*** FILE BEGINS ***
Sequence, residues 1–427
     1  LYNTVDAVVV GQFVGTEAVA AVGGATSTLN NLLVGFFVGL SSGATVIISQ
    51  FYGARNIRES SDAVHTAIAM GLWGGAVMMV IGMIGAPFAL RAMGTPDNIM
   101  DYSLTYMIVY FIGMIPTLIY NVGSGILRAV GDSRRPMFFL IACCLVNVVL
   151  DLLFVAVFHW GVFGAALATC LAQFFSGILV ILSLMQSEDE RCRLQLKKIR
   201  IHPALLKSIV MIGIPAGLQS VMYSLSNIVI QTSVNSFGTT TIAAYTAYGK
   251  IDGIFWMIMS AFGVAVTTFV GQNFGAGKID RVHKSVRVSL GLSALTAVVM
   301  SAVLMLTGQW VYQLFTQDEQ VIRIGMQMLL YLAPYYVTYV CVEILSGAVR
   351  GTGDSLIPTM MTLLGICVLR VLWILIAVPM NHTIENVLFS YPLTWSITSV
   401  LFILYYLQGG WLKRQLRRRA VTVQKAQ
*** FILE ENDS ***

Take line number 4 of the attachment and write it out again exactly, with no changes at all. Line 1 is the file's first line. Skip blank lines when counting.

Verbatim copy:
   101  DYSLTYMIVY FIGMIPTLIY NVGSGILRAV GDSRRPMFFL IACCLVNVVL